Staring at a blank page with very little to write. I guess it’s time to pull out Part II of my Sailboats Series. This one is a little odd.
I can’t find a picture of a mid ’60’s Irwin 27 anywhere on the web. This is as close as I can come, and it’s a very poor image.
Can barely tell anything, can you. I think the saddest part is, I can’t for the life of me remember what we named that boat. I recall having many discussions about it, and I know we decided on a name, but I honestly have no clue. But the boat still holds many fond, and some not so fond, memories.
We acquired the boat when Becky was pregnant with Jenni. David and Joy, our partners in “Great Escape” were also interested in upgrading, so we put the Sailmaster on the market and went searching for a new boat.
We found the Irwin down southern Virginia, as I recall. She had a deep maroon hull, teak weather rails, and a tiller … we hadn’t graduated to a boat with a wheel just yet. She was powered by a little 4 cylinder gasoline engine, which turned out to be a bad decision, but more on that later. Down below, she had a real galley, an enclosed head, a spacious “V” berth forward and a narrow captains berth just under the cockpit. The settee also converted into a bunk.
I’m not sure why we needed to make repairs to the gas tank, but it may have been the installation of a fuel gauge. I remember epoxying a gauge into the tank, and it seemed to work just fine. It was a simple mechanical float gauge … no big deal. David had approved the repair. He was the experienced sailor. But I’m not writing to play the blame game.
I learned a lot about boat maintenance on that boat. I installed a second battery system, and still have the scar where my knife crossed the terminals of the 12 volt battery as I was cutting away the post protectors. The little wire circle burned off my Swiss Army Knife in a fraction of a second. It fell on my leg and branded me with a little circle. If I hadn’t been holding the plastic handle, it honestly might have killed me. A brand new battery with probably 750 cold cranking amps … I never really thought about it much before now. I also wasn’t grounded … sitting entirely on the fiberglass hull of the boat. But I guess I came close to having my number called that day.
Anyway, I also fiberglassed in the battery tray. It was an older boat, and it was a good learning experience.
By the time we found the boat and got her outfitted, Becky was painfully pregnant, and we took something of a break from sailing. Though we did spend time at the marina, walking around Cobb Island, trying to induce labor. Cajun meatloaf finally did the trick on that. Jenni was a week old when we first took her to the boat.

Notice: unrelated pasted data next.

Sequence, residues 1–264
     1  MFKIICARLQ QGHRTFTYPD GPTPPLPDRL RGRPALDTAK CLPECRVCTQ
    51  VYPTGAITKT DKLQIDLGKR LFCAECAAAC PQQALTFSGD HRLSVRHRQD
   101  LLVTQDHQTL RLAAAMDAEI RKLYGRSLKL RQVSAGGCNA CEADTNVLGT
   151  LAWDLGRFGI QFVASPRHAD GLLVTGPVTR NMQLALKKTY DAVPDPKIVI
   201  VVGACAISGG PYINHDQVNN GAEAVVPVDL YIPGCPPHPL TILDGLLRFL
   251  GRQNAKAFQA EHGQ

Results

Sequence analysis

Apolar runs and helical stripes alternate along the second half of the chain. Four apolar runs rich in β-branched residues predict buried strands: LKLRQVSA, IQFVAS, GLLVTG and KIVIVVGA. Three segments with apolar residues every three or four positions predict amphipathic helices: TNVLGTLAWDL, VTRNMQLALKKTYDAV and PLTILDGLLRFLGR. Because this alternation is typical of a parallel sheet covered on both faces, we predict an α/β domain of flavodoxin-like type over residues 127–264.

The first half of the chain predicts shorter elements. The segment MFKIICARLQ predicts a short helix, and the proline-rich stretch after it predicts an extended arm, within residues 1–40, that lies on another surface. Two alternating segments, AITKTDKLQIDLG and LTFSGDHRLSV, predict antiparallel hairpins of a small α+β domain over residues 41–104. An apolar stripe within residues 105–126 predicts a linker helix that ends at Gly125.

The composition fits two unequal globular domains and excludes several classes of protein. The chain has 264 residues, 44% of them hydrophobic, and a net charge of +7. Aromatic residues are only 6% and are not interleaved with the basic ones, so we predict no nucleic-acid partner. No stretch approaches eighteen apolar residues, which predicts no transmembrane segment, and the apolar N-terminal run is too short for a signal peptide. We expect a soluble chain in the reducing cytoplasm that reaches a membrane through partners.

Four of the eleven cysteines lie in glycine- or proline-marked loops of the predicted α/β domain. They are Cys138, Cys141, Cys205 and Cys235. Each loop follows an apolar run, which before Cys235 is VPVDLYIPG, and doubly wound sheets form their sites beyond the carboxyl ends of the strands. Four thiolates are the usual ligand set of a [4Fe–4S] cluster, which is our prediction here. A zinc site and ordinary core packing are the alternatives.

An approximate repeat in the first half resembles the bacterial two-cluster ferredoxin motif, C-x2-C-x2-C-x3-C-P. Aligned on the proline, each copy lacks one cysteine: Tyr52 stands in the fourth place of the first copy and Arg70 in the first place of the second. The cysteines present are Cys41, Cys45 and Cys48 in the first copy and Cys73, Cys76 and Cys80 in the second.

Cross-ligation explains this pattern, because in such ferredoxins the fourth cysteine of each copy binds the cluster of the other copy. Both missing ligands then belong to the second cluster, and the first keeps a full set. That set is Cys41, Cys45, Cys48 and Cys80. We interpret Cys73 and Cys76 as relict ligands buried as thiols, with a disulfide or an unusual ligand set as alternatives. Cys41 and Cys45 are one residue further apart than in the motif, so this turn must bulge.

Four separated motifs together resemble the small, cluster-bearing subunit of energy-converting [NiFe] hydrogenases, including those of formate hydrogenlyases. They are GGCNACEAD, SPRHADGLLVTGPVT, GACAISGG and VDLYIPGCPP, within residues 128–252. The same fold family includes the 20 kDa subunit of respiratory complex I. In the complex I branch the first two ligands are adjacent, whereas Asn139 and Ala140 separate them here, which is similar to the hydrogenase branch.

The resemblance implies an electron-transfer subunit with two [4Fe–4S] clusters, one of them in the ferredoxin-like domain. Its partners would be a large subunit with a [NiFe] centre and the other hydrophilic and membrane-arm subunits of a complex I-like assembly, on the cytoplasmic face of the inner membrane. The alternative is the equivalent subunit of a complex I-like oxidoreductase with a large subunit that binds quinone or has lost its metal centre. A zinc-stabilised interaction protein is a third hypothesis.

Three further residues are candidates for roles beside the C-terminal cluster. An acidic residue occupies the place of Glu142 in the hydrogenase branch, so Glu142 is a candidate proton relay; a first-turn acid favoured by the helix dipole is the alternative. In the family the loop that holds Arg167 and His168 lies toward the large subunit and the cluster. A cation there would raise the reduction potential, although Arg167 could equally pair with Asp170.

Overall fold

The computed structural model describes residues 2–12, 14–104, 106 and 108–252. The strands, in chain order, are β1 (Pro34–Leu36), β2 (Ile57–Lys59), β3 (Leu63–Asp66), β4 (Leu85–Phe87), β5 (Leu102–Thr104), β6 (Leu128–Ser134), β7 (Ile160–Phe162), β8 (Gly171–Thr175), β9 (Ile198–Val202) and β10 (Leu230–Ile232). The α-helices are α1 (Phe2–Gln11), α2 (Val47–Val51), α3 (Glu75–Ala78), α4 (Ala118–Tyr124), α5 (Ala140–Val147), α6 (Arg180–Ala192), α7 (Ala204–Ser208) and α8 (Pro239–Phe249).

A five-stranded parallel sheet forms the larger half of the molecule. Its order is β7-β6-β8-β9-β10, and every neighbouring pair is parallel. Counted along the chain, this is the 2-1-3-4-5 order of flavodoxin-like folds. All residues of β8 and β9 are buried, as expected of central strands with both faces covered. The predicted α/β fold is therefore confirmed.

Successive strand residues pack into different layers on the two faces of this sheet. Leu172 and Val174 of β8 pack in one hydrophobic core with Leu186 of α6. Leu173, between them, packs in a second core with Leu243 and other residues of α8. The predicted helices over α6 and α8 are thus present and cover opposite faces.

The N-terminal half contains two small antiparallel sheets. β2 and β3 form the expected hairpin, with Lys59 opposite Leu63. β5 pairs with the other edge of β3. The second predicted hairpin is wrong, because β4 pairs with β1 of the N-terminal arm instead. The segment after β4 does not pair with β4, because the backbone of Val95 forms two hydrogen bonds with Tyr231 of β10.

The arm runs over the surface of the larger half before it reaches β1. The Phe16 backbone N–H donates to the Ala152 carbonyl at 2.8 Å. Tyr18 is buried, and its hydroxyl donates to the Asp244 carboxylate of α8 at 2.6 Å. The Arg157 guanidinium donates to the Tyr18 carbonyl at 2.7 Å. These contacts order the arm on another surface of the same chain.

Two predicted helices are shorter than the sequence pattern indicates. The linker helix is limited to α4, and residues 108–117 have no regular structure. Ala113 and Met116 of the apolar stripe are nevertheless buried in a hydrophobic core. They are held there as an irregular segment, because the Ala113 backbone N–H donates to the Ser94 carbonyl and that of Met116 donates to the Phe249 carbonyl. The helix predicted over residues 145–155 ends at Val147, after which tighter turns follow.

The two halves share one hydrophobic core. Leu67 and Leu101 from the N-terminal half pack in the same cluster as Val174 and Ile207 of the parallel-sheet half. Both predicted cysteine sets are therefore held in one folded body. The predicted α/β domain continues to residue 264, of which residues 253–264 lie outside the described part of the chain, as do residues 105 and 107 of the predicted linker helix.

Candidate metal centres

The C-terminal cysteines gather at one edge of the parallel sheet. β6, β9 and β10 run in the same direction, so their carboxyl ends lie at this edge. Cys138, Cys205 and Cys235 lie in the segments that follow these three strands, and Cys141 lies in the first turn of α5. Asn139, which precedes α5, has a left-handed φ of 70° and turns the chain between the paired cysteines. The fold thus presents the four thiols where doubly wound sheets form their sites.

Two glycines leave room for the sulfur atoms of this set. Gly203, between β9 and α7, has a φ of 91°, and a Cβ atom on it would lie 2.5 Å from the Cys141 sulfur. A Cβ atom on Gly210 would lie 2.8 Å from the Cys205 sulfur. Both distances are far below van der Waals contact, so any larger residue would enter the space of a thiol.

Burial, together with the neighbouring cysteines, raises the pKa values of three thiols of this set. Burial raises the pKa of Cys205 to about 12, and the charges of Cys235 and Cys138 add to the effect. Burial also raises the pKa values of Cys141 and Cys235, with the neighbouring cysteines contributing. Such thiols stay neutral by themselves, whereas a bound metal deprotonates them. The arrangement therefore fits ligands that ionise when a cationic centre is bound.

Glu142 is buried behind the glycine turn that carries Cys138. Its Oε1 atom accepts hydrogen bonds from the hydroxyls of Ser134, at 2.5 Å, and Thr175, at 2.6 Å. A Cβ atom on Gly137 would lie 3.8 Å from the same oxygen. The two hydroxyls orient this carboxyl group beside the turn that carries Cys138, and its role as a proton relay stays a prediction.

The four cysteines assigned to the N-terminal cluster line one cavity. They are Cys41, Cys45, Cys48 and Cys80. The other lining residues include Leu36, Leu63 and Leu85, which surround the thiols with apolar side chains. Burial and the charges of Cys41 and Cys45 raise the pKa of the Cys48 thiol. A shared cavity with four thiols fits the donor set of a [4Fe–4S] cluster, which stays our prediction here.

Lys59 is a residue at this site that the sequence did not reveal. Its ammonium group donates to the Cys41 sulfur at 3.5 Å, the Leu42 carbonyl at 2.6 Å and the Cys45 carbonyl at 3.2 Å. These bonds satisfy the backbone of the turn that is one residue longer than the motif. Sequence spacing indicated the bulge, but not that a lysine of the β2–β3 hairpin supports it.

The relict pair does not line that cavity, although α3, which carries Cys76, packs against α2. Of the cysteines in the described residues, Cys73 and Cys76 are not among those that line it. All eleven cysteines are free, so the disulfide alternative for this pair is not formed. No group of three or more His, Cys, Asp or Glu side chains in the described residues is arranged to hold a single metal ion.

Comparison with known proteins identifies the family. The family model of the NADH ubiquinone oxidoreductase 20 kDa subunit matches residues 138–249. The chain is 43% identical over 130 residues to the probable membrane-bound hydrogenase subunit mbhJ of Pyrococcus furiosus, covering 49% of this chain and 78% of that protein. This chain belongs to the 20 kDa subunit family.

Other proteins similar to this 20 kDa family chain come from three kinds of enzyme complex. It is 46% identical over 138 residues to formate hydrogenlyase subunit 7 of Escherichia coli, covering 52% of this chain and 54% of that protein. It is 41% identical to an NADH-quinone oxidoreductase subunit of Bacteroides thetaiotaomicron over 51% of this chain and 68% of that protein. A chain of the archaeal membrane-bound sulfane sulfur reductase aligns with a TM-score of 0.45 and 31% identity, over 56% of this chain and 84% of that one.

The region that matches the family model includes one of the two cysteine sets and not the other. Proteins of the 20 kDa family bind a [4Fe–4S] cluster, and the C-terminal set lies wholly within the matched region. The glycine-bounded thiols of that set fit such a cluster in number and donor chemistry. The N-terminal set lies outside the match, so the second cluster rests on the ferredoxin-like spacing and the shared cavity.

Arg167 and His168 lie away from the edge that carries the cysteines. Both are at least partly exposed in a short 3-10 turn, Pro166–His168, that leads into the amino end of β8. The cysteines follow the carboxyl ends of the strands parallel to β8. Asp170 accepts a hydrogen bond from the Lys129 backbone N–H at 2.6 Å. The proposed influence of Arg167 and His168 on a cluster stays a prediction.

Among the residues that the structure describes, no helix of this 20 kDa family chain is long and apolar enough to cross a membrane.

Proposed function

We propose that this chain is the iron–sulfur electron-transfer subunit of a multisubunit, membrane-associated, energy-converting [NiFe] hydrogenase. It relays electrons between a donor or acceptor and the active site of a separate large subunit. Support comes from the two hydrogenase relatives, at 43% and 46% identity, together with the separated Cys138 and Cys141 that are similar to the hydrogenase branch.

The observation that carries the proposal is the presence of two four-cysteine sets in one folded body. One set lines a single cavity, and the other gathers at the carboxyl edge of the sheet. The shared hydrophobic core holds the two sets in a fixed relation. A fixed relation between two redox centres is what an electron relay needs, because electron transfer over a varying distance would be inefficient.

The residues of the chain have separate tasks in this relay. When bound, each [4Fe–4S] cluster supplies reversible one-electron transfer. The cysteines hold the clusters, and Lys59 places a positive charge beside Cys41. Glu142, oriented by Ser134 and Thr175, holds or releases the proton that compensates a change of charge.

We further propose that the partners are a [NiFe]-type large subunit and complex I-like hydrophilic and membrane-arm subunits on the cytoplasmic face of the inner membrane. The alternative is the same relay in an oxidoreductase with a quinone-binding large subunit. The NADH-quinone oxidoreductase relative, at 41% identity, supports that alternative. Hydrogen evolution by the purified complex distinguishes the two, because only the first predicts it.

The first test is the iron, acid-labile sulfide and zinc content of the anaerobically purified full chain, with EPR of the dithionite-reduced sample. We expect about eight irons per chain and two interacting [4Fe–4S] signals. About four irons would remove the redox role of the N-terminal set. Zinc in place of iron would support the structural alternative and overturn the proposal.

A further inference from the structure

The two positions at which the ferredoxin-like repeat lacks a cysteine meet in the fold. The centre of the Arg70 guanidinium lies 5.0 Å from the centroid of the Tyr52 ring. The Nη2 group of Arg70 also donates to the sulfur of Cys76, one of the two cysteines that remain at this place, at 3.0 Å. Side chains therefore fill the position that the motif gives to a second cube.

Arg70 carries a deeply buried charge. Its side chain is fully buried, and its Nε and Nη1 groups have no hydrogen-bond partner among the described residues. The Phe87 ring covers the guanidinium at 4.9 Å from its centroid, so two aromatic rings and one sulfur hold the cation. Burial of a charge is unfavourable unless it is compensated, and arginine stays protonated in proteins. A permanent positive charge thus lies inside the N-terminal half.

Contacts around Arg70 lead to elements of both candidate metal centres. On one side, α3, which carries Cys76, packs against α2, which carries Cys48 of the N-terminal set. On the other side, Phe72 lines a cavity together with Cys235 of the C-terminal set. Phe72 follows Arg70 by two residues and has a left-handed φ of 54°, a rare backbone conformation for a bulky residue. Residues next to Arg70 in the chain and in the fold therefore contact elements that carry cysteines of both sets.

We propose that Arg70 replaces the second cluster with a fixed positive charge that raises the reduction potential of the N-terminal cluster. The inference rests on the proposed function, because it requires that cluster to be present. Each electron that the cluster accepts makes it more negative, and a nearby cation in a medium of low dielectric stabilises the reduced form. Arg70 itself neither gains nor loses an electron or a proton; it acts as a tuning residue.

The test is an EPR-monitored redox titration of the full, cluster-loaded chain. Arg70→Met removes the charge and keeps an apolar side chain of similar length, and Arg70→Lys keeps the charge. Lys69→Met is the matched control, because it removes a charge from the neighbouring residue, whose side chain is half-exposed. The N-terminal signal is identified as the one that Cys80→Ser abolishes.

We put her carrier in the captains berth, and putt-putt-putted from a work slip at the marina to our regular slip. A ride of maybe 5 minutes. But I’ve told Jenni since she was old enough to understand that she was first on a boat at a week old. Maybe that’s why she’s always been so good around the water.
We spent some good times aboard that little red sailboat. I distinctly recall being on the Wicomico river, which feeds the Potomac, when a summer storm blew up. Lightning everywhere, big wind. It was one of the rare times we were sailing with David and Joy … and we sent the girls below, shortened sail, and hunkered down in the cockpit keeping her under control. It passed as quickly as it came up, and we sailed home with little additional excitement.
But eventually, the friction between us and David and Joy began to manifest its self. We wanted to keep some baby things on the boat. We didn’t sail together often, but it was just a huge pain in the butt to drag all the baby stuff to the boat every time it was our turn to sail. We tried to rig the captains berth so that it could be a baby bed. Still, David was a racing sailor at heart, and didn’t want any extra weight on the boat. He gave us a hard time once about an extra roll of paper towels aboard. We kind of knew at that point that it was time to dissolve the partnership … but like most such things, we hung on too long.
Then came the day David neglected to sniff the bilge before he tried to start the engine. He’d re-fueled the boat, and either didn’t run the blower and/or didn’t open the lazarette to see if there were any gas fumes. Only he and Joy were aboard the boat, and there was an engine fire. Not a terrible one. No one was hurt, and there was really little damage. But David blamed my less-than-standard fuel gauge installation for leaking gas into the bilge. That may actually be true, but he really needed to check before hitting the key. We both knew the partnership was done.
David and Joy agreed to buy out our share of the boat. They say that the two happiest days in a boat owners life are the day he buys it and the day he sells it. I have to say I’ve found that not to be true. When I turned over my set of keys to David, I cried.
We didn’t go long without a boat, however. We started looking almost immediately for something we could call our own. The years we spent sailing with David were confidence building. I don’t regret it for a minute. We managed to remain friends, but David and Joy had their problems. After the fire, the boat went up on the hard for repairs, and I don’t know if she ever went in the water again. Joy was not really big on sailing, and without us, David, I guess, couldn’t muster the enthusiasm to get her back in the water.
After we’d moved on to a bigger boat in bigger water, I remember going once back to Cobb Island and seeing her, up on jack stands, becoming one of the derelicts that you often see in a boat yard. I have no idea what eventually happened to her, and as I said at the top of the post … I can’t even remember her name.